Nikki Haley: Principled conservative or establishment sell-out?
Is Nikki Haley a true conservative, an establishment politician or something else entirely?
That’s the question many conservatives have been asking since Haley officially announced she is running for president in February. Haley served as governor of South Carolina from 2011 to 2017 and as U.S. ambassador to the United Nations under President Trump.
We can’t recall another Republican politician who has garnered such a mixed response from conservatives. Almost everyone in the conservative media and public policy world seems to have an opinion about Haley. But once pressed to explain the reasons behind those opinions, very few seem prepared to provide a detailed answer. And most of those we spoke with seemed willing to quickly change their minds.
Fortunately, conservatives don’t have to guess when it comes Haley. She has a long track record as governor of South Carolina. And since leaving her post as UN ambassador, she has developed a policy platform for her presidential campaign and made numerous statements on pressing issues that provide a clear look at how she would likely govern if she were to be elected president in 2024.
We have reviewed Haley’s domestic record and believe she is a champion of policies that limit the size of government (especially the federal government), cut taxes, reject socialism and promote individual liberty. The following is a summary of our findings, broken down by category.
While serving South Carolina, Haley’s priority was to make the state economically competitive after years of stagnant growth and high unemployment. To do this, she cut taxes, reduced burdensome regulations, offered tax incentives to major manufacturers and sought to make life easier for small businesses.
In Haley’s final year as governor, she proposed across-the-board tax cuts for all brackets and corporations. In total, the plan would have reduced taxes by more than $1.1 billion.
After two terms as governor, Haley’s economic reforms paid off. By the time she left office, South Carolina had transformed into a dynamic economy, with record job growth and a bright future. When Haley started her first term as governor, the unemployment rate was well over 10 percent. By the time she left office, it had dropped to 4.4 percent.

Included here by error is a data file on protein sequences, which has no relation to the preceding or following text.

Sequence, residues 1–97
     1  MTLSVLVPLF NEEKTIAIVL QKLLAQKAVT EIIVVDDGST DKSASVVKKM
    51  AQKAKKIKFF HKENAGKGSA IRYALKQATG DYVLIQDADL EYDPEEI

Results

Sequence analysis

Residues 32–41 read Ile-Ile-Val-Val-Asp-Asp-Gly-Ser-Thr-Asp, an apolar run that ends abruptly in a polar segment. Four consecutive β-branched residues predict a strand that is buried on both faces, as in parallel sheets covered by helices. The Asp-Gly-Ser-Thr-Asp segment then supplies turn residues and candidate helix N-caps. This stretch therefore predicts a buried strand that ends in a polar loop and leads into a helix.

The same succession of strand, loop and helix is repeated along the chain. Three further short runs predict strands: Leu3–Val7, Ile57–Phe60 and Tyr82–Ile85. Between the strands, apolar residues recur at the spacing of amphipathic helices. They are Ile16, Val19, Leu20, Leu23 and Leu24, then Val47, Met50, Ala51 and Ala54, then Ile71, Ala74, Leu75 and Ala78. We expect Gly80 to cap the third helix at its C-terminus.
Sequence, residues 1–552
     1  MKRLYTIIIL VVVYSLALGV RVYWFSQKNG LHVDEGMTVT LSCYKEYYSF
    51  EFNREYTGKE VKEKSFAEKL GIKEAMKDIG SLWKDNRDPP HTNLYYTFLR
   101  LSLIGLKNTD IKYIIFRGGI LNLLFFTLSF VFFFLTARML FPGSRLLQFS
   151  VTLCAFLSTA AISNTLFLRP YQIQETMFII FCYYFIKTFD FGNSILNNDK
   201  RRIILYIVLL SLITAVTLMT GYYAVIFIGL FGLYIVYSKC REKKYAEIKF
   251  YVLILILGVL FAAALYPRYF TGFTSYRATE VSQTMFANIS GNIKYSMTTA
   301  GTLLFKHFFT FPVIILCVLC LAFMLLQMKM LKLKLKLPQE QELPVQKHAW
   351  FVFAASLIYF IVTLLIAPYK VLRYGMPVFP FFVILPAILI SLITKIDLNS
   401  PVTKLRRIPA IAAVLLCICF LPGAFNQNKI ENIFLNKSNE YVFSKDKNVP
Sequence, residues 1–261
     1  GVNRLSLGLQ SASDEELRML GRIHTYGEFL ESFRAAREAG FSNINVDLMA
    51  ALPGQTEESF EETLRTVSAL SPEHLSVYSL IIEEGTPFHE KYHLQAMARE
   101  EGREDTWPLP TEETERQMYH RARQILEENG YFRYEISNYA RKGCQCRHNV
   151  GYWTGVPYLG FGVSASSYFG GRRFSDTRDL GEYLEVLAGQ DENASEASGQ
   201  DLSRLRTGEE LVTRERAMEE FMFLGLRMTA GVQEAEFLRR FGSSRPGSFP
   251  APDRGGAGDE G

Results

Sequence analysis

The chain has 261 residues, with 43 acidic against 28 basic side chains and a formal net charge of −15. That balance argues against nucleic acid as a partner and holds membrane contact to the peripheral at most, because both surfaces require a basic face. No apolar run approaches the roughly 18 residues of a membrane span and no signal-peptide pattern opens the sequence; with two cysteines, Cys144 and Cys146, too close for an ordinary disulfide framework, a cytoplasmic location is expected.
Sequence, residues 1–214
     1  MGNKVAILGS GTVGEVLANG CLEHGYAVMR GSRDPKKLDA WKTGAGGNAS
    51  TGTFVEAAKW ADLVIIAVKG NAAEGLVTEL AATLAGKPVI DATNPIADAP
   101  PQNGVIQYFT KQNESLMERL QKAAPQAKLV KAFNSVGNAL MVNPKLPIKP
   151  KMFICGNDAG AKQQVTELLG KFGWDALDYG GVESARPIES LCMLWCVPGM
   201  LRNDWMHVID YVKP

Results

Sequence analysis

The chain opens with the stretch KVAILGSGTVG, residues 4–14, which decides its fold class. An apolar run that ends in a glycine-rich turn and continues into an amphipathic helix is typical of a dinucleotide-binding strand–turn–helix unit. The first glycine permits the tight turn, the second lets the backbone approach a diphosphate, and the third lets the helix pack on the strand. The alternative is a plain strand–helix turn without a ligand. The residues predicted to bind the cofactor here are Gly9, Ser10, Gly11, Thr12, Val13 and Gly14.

Haley is a champion of school choice. As governor, she signed bills that expanded school choice, rejected the federal government’s Common Core Standards and launched the Original Six Foundation, a non-profit that provides educational funds to low-income South Carolinians.
Limiting the Federal Government
Haley rejected Medicaid expansion, fought to maintain her state’s right-to-work laws and clashed with the Environmental Protection Agency (and many other federal agencies) concerning carbon dioxide emissions.
While leading the Palmetto State, Haley took several steps to protect gun rights, including signing legislation that reformed the state’s anti-gun laws and expanded concealed carry rights. Haley also supported the Constitutional Carry Act.
Haley is an outspoken pro-life advocate. As governor, she talked about her struggles having children and why she is a firm believer in pro-life values. She signed several pro-life bills as governor, such as the Born-Alive Infant Protection Act and the Pain-Capable Unborn Child Protection Act. She also backed legislation that sought to decrease the historically high infant mortality rate among low-income rural South Carolinians.
Woke Corporatism, ESG
One of the few areas in which Haley has yet to clearly articulate a clear policy proposal is related to battling woke corporations and environmental, social and governance (ESG) metrics.
Declared presidential candidates Donald Trump and Vivek Ramaswamy as well as Florida Governor Ron DeSantis
(who is widely expected to join the 2024 race later this year) have all launched detailed campaigns against ESG. But Haley doesn’t appear to have an established plan yet.
When we reached out to Haley’s campaign requesting more information about ESG, the campaign provided us with this statement: “Let’s call ESG what it really is: corporate socialism. What we need is capitalism and not businesses caving to the left. When they do, everyone loses.”
It’s an open question whether Haley will attract enough support to win the Republican nomination for president. But on the question of whether Haley is a principled conservative or establishment sell-out, it’s clear she falls well within the mainstream of conservative thought.
Justin Haskins (Jhaskins@heartland.org) is director of the Socialism Research Center at The Heartland Institute and a New York Times bestselling author. Chris Talgo (Ctalgo@heartland.org) is editorial director and a research fellow at The Heartland Institute.
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